Section 5: Be Prepared…for That First Evaluation
Now that you have that first teaching job and are ready to start the school year, what guarantees do you have that you will be asked to return next year? You will be a probationary teacher in most cases for two to three years. You have the same rights as continuing employees when it comes to renewal and non-renewal of your contract. The difference is that you do not have an appeal process, as do continuing employees. You should obtain your district’s written policy and evaluation form. Often these are part of the Master Agreement between your local Association and your district.
- Within these documents, the expectations/standards for evaluation will be outlined and explained. Pay special attention to timelines and procedures. If you have specific questions, ask your mentor. Your relationship with your mentor is confidential. The district cannot ask a mentor questions about your performance for evaluation purposes.
- Find out who the evaluator will be. More than likely it will be the building principal or assistant principal.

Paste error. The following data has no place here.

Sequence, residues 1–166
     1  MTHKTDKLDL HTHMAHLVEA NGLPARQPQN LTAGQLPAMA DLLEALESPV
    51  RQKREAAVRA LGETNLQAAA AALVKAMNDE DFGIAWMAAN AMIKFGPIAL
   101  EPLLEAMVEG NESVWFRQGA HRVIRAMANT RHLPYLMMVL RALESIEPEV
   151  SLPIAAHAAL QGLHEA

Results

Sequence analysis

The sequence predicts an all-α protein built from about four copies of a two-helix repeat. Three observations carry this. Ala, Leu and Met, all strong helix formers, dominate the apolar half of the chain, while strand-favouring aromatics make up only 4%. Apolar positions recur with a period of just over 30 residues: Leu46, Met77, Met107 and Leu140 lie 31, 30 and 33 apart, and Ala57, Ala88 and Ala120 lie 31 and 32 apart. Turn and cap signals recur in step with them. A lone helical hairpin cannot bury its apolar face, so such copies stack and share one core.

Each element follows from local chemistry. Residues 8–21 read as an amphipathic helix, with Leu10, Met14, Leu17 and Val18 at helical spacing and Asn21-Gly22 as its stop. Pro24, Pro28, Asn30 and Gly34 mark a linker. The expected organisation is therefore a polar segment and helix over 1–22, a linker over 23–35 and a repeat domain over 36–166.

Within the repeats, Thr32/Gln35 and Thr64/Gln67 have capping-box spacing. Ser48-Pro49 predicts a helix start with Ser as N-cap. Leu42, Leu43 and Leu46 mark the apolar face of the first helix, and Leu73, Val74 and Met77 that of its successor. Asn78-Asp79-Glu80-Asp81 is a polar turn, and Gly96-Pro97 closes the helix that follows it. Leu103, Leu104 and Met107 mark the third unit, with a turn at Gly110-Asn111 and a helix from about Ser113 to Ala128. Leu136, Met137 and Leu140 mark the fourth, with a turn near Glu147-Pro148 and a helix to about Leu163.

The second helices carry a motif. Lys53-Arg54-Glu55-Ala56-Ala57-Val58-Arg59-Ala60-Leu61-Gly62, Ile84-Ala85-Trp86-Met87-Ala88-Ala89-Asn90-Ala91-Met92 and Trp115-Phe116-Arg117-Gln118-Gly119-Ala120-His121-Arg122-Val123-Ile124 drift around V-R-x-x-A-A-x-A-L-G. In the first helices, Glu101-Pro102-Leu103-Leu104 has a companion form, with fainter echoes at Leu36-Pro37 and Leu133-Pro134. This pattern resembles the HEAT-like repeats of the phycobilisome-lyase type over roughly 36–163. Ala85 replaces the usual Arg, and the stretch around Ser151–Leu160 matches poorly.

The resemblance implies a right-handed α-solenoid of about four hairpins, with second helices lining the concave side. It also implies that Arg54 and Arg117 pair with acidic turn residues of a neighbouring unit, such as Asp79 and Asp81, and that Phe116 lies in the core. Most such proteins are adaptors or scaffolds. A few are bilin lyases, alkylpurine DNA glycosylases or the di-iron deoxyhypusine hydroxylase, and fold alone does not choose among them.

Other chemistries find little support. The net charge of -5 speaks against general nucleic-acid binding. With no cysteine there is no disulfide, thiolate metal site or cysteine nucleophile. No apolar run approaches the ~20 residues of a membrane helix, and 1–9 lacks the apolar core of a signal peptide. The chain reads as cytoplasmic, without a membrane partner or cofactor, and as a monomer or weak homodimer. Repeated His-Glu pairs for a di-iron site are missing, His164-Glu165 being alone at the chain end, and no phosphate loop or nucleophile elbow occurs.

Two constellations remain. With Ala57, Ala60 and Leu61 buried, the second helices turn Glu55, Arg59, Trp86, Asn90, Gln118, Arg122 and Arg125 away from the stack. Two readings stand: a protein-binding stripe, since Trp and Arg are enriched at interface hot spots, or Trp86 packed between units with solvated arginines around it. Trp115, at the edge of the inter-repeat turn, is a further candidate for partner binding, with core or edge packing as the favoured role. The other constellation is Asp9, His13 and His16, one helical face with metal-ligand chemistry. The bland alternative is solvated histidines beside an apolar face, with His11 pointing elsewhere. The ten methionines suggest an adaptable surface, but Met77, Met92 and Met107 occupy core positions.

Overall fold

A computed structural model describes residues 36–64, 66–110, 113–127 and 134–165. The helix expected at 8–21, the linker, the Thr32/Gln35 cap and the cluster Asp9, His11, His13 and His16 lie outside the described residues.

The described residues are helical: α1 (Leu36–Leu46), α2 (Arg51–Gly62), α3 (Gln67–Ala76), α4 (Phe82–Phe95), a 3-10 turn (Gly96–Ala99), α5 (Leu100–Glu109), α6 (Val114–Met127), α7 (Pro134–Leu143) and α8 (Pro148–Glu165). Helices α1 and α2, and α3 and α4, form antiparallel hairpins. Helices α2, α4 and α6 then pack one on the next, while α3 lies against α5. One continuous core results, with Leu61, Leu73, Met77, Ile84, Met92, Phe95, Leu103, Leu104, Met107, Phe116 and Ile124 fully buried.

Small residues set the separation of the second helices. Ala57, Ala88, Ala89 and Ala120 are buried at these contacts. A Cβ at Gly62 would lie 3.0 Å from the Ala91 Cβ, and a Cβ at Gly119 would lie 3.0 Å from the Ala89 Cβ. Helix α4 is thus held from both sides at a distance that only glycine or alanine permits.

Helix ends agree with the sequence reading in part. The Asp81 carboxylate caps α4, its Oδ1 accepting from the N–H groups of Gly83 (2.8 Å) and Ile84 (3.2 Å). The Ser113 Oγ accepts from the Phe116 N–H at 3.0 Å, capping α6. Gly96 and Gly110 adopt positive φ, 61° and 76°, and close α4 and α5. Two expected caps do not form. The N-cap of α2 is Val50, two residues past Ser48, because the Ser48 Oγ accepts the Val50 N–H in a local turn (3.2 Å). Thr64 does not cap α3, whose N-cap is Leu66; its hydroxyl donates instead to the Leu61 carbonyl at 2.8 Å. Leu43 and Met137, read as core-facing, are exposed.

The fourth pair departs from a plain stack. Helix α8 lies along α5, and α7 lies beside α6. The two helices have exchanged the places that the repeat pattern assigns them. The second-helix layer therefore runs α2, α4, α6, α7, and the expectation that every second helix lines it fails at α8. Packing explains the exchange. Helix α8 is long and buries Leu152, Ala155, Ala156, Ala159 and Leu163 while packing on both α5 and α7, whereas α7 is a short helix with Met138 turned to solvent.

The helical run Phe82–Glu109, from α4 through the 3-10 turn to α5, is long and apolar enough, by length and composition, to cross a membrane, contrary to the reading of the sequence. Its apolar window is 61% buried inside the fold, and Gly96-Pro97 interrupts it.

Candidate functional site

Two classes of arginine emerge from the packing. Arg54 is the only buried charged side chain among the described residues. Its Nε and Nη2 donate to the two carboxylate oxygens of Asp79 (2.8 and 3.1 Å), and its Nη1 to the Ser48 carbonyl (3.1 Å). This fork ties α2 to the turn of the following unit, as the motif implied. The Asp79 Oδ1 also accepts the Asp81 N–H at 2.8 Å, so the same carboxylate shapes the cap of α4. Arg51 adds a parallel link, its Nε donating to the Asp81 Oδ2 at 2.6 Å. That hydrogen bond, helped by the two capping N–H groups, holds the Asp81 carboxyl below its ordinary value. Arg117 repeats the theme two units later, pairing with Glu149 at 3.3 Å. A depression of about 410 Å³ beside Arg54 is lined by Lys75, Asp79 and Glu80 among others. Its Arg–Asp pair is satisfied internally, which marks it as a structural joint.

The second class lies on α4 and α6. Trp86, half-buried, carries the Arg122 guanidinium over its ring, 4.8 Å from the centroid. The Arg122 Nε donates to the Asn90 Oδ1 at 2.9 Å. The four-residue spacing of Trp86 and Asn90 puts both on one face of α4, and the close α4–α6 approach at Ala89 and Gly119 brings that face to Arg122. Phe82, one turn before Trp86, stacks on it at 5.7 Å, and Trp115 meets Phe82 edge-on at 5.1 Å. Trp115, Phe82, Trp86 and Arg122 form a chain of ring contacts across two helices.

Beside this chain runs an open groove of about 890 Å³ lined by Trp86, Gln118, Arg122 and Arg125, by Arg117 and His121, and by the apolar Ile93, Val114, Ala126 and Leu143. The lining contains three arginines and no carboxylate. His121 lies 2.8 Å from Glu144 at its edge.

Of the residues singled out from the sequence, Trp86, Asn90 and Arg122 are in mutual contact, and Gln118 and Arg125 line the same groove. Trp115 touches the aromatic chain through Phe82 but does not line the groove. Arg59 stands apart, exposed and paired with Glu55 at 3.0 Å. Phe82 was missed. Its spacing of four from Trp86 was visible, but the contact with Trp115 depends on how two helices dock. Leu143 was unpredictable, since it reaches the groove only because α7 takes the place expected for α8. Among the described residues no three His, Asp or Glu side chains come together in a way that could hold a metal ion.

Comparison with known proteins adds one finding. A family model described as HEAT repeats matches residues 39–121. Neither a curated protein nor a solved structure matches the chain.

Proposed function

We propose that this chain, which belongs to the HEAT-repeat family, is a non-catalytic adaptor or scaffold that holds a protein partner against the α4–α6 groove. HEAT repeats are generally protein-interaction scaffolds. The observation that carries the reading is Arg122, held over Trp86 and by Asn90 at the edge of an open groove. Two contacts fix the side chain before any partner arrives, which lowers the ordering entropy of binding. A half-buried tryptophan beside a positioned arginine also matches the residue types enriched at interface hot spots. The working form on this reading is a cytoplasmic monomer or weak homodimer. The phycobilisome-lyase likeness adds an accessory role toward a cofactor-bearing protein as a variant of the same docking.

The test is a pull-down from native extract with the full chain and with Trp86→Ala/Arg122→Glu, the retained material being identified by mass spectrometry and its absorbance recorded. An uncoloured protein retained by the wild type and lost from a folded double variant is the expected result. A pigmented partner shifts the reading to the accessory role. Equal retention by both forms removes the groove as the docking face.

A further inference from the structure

- Choose a class and a lesson that will highlight your strengths and provide a lesson plan to the evaluator. First have your mentor or colleague observe you teaching this lesson and ask for feedback.
- The evaluation must be made in writing and discussed with you. The evaluation is based on observations of your instructional skill, classroom management, knowledge of subject matter, and other areas identified by your district. Clarify any negative comments and suggestions for improvement. You must sign the evaluation, acknowledging that it was presented to you. Your signature does not indicate your agreement.
- You have the right to respond in writing to your evaluation. Your response will be included with your evaluation within your personnel file.
- If you have concerns or questions about your evaluation, contact your local Association representative.